LaZeez International Market & Deli culls tastes and trinkets from across the globe to stock its store, deli, and restaurant with distinctive finds. In the Indian eatery, tandoor-style ovens unfurl to crown plates with marinated meats and naan bread as cauliflower, potatoes, and paneer mingle to forge a slate of meat-free dishes. A children's menu offers pint-size American dishes for hungry kids and picky founding fathers, and many dishes can be bundled to go from the in-house deli. The international market takes a more global approach by stocking grocery and gift items hailing from countries such as China, Greece, and Brazil to let shoppers bring their own piece of foreign flair home via unique spices, drinks, apparel, and incense.
Great Lakes Kiteboarding and its crew of master mariners specialize in converting everyday hydrophobes into Poseidon-punishing aquatic athletes. In a five-hour private lesson, nautical novices can strap a slab of fiberglass to their feet and master wind-riding fundamentals like launching from boat and beach, proper riding form, and self-rescue. Apprentices seeking the deepest secrets of ancient boarders are invited to study at one of Great Lake Kiteboarding’s weekend camps. Starting with ground training to keep too much land from lubbing onto the kites, students will spend a Saturday morning learning about equipment, wind windows, beach etiquette, and safety before hitting the waves to learn basics of riding and landing. After lunch, it’s back out on the water to learn advanced techniques like self-launching, changing direction, and riding the edge, with all of Sunday devoted to honing newfound skills on the water while instructors on WaveRunners play safety shepherd.
Chances are you've seen Marshall M. Fredericks' work and didn't even know it. Over the course of 70 years (1928-1998), Fredericks was commissioned to create enormous lifelike sculptures in public spaces across the country, including The Expanding Universe Fountain in Washington, DC and The Spirit of Detroit. His works were often lighthearted and whimsical, always imbued with a humanist spirit, but never lacking in gravitas. This museum on the Saginaw Valley State University campus is just a sampling of his vast repertoire, including a newly added sculpture garden with botanicals to complement and contrast the sculptures, including Fredericks' Night and Day fountain.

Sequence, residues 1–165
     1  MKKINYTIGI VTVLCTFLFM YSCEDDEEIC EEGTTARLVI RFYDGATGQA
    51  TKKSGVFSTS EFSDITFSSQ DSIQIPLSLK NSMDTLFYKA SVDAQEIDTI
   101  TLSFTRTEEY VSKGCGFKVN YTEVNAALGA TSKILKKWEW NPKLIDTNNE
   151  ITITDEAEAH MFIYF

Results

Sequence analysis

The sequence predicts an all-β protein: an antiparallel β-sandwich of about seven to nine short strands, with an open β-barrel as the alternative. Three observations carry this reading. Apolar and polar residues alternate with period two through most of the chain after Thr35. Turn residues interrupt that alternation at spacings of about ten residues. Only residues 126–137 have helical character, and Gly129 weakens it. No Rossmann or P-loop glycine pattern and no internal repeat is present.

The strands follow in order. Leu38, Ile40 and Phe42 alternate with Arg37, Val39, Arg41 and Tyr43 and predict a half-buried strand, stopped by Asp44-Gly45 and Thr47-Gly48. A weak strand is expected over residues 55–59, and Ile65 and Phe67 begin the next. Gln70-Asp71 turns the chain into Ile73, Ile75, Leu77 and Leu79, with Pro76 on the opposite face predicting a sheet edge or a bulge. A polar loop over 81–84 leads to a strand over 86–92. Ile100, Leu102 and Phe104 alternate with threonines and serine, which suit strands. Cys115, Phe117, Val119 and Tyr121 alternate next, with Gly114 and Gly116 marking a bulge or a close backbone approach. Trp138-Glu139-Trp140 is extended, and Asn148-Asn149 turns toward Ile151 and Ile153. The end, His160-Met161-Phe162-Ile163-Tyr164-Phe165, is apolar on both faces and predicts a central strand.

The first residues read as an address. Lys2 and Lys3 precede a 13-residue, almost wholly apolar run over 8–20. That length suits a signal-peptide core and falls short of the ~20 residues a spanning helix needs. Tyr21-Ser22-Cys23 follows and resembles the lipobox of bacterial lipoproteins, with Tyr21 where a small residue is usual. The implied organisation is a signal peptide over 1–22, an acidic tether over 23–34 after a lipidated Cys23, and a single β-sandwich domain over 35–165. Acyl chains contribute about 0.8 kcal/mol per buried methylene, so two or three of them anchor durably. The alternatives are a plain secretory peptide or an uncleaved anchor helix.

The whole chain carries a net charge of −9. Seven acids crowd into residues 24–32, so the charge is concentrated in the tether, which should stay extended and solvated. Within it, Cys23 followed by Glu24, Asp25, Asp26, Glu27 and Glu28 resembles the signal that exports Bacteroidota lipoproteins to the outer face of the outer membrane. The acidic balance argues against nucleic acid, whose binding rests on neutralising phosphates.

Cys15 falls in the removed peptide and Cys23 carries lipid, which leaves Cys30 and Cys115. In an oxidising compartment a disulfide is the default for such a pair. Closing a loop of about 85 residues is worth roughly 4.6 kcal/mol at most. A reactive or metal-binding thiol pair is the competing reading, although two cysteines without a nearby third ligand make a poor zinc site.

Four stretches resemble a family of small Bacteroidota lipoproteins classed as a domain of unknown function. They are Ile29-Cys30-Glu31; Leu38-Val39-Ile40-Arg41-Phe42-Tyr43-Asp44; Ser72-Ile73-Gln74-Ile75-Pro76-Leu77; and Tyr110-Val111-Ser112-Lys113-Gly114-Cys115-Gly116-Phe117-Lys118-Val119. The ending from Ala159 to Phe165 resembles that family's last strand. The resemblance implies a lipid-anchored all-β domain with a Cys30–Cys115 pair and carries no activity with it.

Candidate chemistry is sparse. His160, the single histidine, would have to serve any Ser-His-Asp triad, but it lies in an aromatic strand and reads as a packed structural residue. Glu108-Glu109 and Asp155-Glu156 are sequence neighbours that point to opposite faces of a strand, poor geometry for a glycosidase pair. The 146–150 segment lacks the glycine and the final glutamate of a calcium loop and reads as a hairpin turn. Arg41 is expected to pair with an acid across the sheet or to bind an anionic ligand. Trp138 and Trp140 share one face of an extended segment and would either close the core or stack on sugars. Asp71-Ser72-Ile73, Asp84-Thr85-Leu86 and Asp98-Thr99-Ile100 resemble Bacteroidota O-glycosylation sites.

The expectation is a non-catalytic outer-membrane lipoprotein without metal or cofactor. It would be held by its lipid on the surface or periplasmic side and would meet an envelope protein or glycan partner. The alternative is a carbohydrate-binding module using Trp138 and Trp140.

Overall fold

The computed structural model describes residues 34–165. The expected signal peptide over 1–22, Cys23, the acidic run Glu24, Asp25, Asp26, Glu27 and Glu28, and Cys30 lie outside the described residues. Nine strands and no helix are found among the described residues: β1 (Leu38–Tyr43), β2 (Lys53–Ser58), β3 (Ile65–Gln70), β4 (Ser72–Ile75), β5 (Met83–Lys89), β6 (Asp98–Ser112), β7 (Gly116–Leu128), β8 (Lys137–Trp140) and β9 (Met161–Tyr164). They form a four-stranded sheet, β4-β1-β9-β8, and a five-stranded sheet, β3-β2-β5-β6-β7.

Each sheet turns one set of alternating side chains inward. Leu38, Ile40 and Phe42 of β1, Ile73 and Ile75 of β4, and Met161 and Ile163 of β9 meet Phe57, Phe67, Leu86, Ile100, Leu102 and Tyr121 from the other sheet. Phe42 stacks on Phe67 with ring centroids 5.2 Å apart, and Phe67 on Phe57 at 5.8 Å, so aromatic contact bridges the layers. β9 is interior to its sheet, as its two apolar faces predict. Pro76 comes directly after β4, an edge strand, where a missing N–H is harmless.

The first thing you notice about River Rock Cafe Inc is the posters—a pastiche of classic rock paraphernalia covers the long, narrow dining-room walls, an ever-expanding testament to owner Greg Kimbrue’s twin passions for music and art. Greg—whose original career ambition was to be a high-school art teacher—spent years assembling the vast collage with concert posters from his personal collection. The hodgepodge aesthetic spills onto the pool tables, which are similarly shellacked, and influences the jukebox that fills the dining room and sidewalk patio with classic-rock melodies until 2 a.m. Though the interior is decidedly retro, the building itself hails from an even earlier era—1869. Greg has preserved the space’s old tin ceilings, white oak floors, and narrow room, which proves an ideal venue for DJs, dancing, and post-dinner chorus lines three nights a week. When it comes to the food though, Greg goes for timeless American; hearty steaks, ribs, and fried fish pair with a robust cocktail and beer menu.
Third Street Station’s priority is introducing patrons to tasty sandwiches and coffees made from local products. Its menu overflows with 20 types of sandwiches that burst with Michigan-made cheeses and produce from Michigan farmers markets. The PBLT stacks traditional BLT ingredients on top of medium-sharp Pinconning cheese, and the Traverse City Cherry Festival salad sprinkles dried Traverse City cherries, toasted walnuts, and blue cheese crumbles on top of a bed of mixed greens with grilled chicken.
Third Street Station also brews fresh, Michigan-roasted coffees that make their way into cappuccinos and iced mochas. Patrons can enjoy the coffee drinks, sandwiches, and beer and wine outside on the patio during warmer months.
Owners Debra and Craig have built up for a diverse repertoire of skills in the natural health field, which they channel into their business, Alternative Health & Wellness. Since 1993, the pair has worked in health food stores and chiropractic offices, studied naturopathic health and homeopathy, and spent time learning the nuances of practicing massage, including using essential oils, herbs, color, sound, and music during sessions. While the versatile duo helps heal plenty of clients with their own hands, the center also houses more independent therapies, such as an infrared sauna, hothouse, and pink Himalayan salt room where patrons can absorb natural minerals and season their chicken.